When it comes to dilated cardiomyopathy, commonly referred to as DCM, most people think of it as a ‘large breed’ issue. Why? Because canine DCM is in the news a lot lately due to the FDA receiving over 500 reports of dogs developing this uncommon type of heart disease (source). Of the reports, large breed dogs, like Boxers, Dalmatians, Great Danes, and Newfoundlands, seem the be most affected. But what should Yorkie owners know about DCM? Is it really an issue for our tiny Yorkie babies?
What Is DCM?
First thing to know about DCM is that not all dogs have presented with the same symptoms. Nor have they shown the same disease progression. However, generally speaking there are some similarities. DCM weakens a dog’s heart muscle resulting in dilated chambers. This causes thinning of the heart’s walls and can lead to enlarged hearts. Prolonged illness can lead to arrhythmia, sickness, and congestive heart failure in the most severe cases. As with heart disease, exercise intolerance, coughing, and fatigue tend to be signs of dogs with DCM. One of the worst things about DCM is that it can happen to young dogs.
Current DCM News
The FDA reported that the DCM dogs were eating certain ‘grain-free’ pet foods. Specifically ones with a high amount of peas, lentils, and other legumes listed in the first 10 ingredients, and before vitamins and minerals. However, current research (veterinarians from the FDA, Tufts University, UC Davis, and University of Florida) revealed that canine DCM isn’t fully due to diet. Findings reveal that there may be two groups of dogs with diet-associated DCM (source):
- Taurine deficiency
- Yet unknown, dietary factors
What Should Yorkie Owners Know About DCM?
What we can’t do is fall into a false sense of safety due to our precious dog’s teacup-size. While not widely reported, there have been small dogs, including Yorkies, in the recent DCM cases (source). Obviously, until we know more information on the recent canine DCM reports, Yorkie owners should be aware of what they are feeding their dogs.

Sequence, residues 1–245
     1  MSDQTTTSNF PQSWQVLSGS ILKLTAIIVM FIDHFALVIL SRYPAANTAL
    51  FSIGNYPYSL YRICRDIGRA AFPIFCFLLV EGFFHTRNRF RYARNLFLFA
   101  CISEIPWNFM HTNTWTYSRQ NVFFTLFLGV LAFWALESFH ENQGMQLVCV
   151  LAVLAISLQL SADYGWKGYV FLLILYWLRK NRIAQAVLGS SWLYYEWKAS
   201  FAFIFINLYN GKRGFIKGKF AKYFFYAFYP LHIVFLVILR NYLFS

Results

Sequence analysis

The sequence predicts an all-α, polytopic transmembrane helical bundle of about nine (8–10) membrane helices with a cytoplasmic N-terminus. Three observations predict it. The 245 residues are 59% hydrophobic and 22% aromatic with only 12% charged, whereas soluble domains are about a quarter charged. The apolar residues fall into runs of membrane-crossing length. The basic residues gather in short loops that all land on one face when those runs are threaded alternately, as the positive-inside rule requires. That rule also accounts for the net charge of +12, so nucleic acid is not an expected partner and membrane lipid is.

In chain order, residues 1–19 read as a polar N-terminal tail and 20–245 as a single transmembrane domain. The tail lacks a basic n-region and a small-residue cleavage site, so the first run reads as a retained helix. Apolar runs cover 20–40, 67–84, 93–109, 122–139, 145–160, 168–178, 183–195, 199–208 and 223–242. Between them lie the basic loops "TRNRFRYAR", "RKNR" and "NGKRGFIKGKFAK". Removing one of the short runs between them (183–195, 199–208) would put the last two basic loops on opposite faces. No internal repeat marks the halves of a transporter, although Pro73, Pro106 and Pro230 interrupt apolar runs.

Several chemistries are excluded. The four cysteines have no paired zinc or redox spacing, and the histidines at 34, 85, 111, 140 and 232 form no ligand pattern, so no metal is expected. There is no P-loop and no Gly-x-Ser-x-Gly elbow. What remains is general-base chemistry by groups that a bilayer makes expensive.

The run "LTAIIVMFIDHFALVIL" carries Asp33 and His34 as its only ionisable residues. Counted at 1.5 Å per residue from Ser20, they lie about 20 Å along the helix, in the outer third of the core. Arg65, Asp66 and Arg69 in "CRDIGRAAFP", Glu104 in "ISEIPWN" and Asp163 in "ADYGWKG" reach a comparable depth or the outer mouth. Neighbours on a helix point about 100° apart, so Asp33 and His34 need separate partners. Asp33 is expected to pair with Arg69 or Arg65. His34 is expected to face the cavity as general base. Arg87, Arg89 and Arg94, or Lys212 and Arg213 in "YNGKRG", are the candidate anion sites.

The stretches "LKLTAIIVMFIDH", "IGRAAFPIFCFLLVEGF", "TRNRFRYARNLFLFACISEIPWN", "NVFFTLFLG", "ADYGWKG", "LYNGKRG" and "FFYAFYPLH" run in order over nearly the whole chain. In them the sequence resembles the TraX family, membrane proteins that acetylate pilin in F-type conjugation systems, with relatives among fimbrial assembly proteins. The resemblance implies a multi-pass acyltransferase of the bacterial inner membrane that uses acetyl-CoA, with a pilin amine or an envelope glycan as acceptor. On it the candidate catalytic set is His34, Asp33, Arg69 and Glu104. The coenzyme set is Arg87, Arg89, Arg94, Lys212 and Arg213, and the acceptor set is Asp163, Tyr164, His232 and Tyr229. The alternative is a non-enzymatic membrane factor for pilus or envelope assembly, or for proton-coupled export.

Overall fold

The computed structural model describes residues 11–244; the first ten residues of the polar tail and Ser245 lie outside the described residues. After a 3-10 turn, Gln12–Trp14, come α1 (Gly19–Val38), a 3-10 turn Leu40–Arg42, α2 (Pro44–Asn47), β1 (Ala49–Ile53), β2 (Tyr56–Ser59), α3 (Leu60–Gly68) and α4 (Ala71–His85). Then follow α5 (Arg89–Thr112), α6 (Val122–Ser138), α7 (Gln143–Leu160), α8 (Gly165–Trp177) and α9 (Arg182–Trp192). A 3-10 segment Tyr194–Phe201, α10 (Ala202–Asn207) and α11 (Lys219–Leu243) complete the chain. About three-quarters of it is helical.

DCM Mutation Impact
There is a reported mutation associated with increased risk for DCM located in the PDK4 gene. This gene can encode a protein of the mitochondrion, the ‘engine’ of a cell,’ causing malfunction and death. Therefore, in plain and general language, the PDK4 gene is associated with DCM. Yorkies have been found to have the mutated PDK4 gene. However, carrying the PDK4 gene doesn’t guarantee that a dog will, with 100% accuracy, develop full-blown DCM. Clearly more research needs to take place. As a precaution, it may be prudent to have our Yorkie’s genetically tested as a carrier of the PDK4 gene – this can empower us with helpful information to help guard our dogs against DCM.
Here Are Some Things You Can Do To Protect Your Yorkie
While DCM research continues, it definitely can help to take steps to keep your Yorkie healthy. Most dogs, to date, that have developed DCM were fed dry dog food over long periods of time (years). However, a study found that by adding fresh vegetables to kibble, dogs were healthier and much less likely to develop certain illnesses: